9. May 24, 2011 #9 of 177
    larrs

    larrs Movie Fan-Addict

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    $8, really? Sounds too good to be true.
     
  10. May 24, 2011 #10 of 177
    Thunderclap

    Thunderclap Member

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    It may be an introductory price... not 100% sure on that. I should have been more clear. But I think they are still cheaper than TiVo, no?
     
  11. May 24, 2011 #11 of 177
    mr.unnatural

    mr.unnatural Well-Known Member

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    Ellicott...
    I agree about the HTPC, but $300 is at the extreme low end for just the PC without tuners or support software. A more realistic price for a medium-powered HTPC with cablecard tuners and software is more like $800-1000. The ATI DCT's are useless on FIOS and require a separate cablecard for each one you have. The Ceton InfiniTV4 or the SD HDHomeRun Prime are better deals and only require a single M-card for multiple tuners.

    HTPCs aren't as user friendly as a Tivo unless you know how to tweak them. The upside is that they're relatively easy to set up and use and only require a minimum of computer savvy skills. HTPCs are definitely more cost effective in the long run and offer a better return on investment than a Tivo, IMHO. They have features comparable to a Tivo in most areas, and in many others far exceed a Tivo's capability.

    And even more poorly responded to.:rolleyes:
     
  12. May 24, 2011 #12 of 177
    blackngold75

    blackngold75 Active Member

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    The biggest problem is that "a lot of people" are not tech-savvy enough to even know what an HTPC is, let alone how to build one. The big benefit of a dedicated DVR (well, except for the whole CableCard mess) is you just hook it up and go. Of course, a lot of people don't even know how to do that. :rolleyes: If the DVR is from the cable company then they hook it up for you, which is what some seem to prefer.
     
  13. May 24, 2011 #13 of 177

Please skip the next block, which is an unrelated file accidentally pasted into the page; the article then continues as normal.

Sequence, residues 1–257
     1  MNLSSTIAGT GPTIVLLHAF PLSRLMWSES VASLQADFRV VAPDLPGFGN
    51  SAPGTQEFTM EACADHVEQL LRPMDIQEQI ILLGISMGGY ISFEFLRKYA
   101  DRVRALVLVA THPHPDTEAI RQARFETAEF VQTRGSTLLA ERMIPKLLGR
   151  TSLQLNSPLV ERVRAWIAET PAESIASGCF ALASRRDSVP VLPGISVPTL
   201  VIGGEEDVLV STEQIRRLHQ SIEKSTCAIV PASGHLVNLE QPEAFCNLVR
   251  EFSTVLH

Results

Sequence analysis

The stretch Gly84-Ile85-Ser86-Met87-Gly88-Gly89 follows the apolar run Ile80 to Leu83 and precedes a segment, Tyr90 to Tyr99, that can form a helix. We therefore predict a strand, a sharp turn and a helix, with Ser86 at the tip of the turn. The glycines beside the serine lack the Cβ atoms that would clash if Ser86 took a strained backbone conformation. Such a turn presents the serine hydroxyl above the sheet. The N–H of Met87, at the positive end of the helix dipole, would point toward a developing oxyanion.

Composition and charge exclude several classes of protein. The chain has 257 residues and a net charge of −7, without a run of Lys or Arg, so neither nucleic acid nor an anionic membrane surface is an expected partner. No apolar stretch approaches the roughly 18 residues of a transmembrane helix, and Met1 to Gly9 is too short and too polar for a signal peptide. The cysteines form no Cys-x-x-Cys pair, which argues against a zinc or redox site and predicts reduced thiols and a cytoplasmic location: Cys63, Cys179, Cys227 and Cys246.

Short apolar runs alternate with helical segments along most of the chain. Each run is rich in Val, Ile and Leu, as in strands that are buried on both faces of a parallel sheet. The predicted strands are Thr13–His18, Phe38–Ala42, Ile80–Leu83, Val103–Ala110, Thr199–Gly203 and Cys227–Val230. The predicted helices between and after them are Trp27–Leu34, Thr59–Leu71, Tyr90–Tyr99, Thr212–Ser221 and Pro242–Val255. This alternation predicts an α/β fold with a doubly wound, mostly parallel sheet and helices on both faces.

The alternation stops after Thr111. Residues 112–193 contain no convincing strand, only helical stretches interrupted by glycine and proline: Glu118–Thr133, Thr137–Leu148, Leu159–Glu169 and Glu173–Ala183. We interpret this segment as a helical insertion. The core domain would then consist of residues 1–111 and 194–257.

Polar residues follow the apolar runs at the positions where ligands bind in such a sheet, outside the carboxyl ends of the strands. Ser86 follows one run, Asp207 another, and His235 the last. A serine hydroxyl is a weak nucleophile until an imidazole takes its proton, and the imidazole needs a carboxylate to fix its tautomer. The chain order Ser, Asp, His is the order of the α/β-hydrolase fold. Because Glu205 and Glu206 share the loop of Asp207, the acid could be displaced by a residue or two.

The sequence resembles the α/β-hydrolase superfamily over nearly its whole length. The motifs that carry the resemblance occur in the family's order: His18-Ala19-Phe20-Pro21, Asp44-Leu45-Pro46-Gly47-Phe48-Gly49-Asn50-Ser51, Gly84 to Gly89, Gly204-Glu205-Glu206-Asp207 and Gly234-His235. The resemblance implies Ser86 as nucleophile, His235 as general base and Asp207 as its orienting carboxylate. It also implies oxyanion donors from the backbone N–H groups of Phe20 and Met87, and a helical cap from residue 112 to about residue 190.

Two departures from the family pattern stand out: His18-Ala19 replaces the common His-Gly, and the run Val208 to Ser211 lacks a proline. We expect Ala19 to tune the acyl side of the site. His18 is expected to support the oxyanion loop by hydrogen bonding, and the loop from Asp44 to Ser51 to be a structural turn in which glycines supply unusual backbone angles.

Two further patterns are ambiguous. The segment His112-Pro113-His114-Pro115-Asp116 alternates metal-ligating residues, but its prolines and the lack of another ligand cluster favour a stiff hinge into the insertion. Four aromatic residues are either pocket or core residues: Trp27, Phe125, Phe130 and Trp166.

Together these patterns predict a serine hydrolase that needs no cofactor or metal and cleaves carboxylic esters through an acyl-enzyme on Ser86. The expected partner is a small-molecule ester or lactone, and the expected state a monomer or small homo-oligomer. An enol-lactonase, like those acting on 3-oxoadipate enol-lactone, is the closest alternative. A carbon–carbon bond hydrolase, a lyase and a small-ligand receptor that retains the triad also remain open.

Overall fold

bschuler2007

    bschuler2007 Frustrated owner

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    Agreed 100%. It's sad witnessing it happen though.
     
  14. May 24, 2011 #14 of 177
    shwru980r

    shwru980r Well-Known Member

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    I wonder why a company like Dell or HP doesn't put Tivo out of business by selling their own brand of HTPC. Apple won't touch the DVR market with a ten foot pole.
     
  15. May 24, 2011 #15 of 177
    magnum68

    magnum68 New Member

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    Pembroke...
    You need a translator?
     
  16. May 24, 2011 #16 of 177
    bradleys

    bradleys It'll be fine....

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    Whatever... Find the product that makes you happy.

    I have been a TIVO customer for a long time and have had nothing but fantastic experiences. I'm good!
     
  17. May 24, 2011 #17 of 177
    shwru980r

    shwru980r Well-Known Member

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    So with an HTPC the cost is $200 - $400 more than one Premiere with lifetime service. Then there is the unknown cost of "tweaking" the HTPC to make it as user friendly as a Tivo. Suppose someone buys the HTPC and finds they don't have the time and/or ability to "tweak" it?

    Someone could buy two Premiers for $200 - $400 more than one HTPC. They would have 4 tuners and wouldn't need an extender. Also there would be no unknown "tweaking" costs.